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15 cases
  • Dumas v. City of Dallas
    • United States
    • U.S. District Court — Northern District of Texas
    • September 12, 1986
    ...a mother's love and the atmosphere of heaven, and ... no child should be deprived of that maternal influence"); Jenkins v. Jenkins, 173 Wis. 592, 181 N.W. 826, 827 (1921) ("nothing can be an adequate substitute for motherly love"). The attitudes have been persistent. See Hall v. Small Busin......
  • State ex rel. Watts v. Watts
    • United States
    • New York Family Court
    • August 8, 1973
    ...this respect is fundamental, and the law should recognize it unless offset by undesirable traits in the mother.' (Jenkins v. Jenkins, 173 Wis. 592, 181 N.W. 826, 827, 1921). Later decisions have recognized that this view is inconsistent with informed application of the best interests of the......
  • Scolman v. Scolman
    • United States
    • United States State Supreme Court of Wisconsin
    • March 4, 1975
    ...701 (custody awarded to mother).9 (1974), Minn., 220 N.W.2d 487.10 Kritzik v. Kritzik (1963), 21 Wis.2d 442, 124 N.W.2d 581.11 (1921), 173 Wis. 592, 181 N.W. 826.12 See, e.g., Welker v. Welker (1964), 24 Wis.2d 570, 578, 129 N.W.2d 134; Peterson v. Petersen (1961), 13 Wis.2d 26, 30, 108 N.W......
  • Pikula v. Pikula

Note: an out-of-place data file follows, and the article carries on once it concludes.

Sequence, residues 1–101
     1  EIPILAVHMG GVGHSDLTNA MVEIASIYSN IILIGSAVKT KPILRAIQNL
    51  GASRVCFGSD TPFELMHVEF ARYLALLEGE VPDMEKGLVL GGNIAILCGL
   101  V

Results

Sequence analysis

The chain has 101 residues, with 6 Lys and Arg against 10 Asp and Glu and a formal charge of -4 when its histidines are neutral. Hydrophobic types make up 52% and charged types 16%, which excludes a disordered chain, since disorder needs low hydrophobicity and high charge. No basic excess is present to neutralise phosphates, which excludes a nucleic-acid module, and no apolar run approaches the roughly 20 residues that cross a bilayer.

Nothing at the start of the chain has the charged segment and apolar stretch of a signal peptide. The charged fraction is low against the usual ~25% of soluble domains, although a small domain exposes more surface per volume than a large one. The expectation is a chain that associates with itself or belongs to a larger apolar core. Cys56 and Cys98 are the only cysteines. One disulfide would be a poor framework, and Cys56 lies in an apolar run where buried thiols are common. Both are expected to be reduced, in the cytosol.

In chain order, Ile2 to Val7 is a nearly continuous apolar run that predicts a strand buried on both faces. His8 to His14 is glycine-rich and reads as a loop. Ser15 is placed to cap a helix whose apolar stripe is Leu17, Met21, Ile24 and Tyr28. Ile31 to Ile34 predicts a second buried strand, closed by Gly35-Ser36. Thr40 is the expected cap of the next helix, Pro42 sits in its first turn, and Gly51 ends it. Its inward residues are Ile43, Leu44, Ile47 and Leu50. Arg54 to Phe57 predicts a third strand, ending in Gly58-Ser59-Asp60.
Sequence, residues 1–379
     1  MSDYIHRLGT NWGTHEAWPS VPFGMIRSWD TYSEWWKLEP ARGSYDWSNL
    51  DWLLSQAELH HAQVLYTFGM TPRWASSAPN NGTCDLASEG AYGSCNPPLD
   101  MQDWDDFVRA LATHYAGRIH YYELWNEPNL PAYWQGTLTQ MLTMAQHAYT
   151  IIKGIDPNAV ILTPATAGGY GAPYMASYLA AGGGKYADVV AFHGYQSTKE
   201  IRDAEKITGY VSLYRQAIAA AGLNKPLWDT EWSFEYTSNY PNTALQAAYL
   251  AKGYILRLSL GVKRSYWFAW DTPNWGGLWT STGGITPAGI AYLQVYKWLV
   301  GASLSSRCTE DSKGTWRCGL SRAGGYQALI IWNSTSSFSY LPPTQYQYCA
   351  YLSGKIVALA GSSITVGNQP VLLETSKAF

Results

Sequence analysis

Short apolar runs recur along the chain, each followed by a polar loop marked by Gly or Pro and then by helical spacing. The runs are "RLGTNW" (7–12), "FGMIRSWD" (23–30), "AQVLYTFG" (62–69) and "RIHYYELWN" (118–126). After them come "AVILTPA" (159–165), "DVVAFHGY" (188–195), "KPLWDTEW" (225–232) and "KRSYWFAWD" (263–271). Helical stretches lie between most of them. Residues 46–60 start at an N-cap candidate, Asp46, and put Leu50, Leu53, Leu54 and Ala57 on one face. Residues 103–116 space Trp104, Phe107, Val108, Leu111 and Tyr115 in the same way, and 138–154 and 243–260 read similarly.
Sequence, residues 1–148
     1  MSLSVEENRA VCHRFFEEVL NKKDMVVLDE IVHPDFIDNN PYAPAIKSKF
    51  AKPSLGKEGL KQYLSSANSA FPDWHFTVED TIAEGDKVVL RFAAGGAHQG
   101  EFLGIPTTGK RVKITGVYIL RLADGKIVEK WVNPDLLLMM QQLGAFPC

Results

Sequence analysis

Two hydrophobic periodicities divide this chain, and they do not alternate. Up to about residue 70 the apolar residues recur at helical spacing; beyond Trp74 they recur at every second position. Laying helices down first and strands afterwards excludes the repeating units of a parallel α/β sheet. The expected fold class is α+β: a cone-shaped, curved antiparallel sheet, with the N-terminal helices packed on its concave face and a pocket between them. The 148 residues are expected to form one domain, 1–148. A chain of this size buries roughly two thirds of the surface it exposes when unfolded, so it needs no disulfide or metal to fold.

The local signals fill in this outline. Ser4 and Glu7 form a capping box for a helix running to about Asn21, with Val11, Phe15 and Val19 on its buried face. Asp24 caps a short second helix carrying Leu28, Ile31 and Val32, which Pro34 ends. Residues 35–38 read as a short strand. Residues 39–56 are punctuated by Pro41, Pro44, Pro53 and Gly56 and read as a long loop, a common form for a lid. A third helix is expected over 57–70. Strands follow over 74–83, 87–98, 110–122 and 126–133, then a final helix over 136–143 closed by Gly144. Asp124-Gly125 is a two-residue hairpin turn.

• United States
    • Supreme Court of Minnesota (US)
    • November 8, 1985
    ...give because in her alone is duty swallowed up in desire; in her alone is service expressed in terms of love. Jenkins v. Jenkins, 173 Wis. 592, 593, 181 N.W. 826, 827 (1921). While at one time the tender years doctrine was universally adopted in the state courts, most jurisdictions have rep......
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1 books & journal articles
  • Beyond economic fatherhood: encouraging divorces fathers to parent.
    • United States
    • University of Pennsylvania Law Review Vol. 153 No. 3, January 2005
    • January 1, 2005
    ...had cared for them, and thus were presumed more competent to meet their needs than were fathers."). (203) See, e.g.,Jenkins v.Jenkins, 181 N.W. 826, 827 (Wis. 1921) ("ℕothing can be an adequate substitute for mother love--for that constant ministration required during the period of nurture ......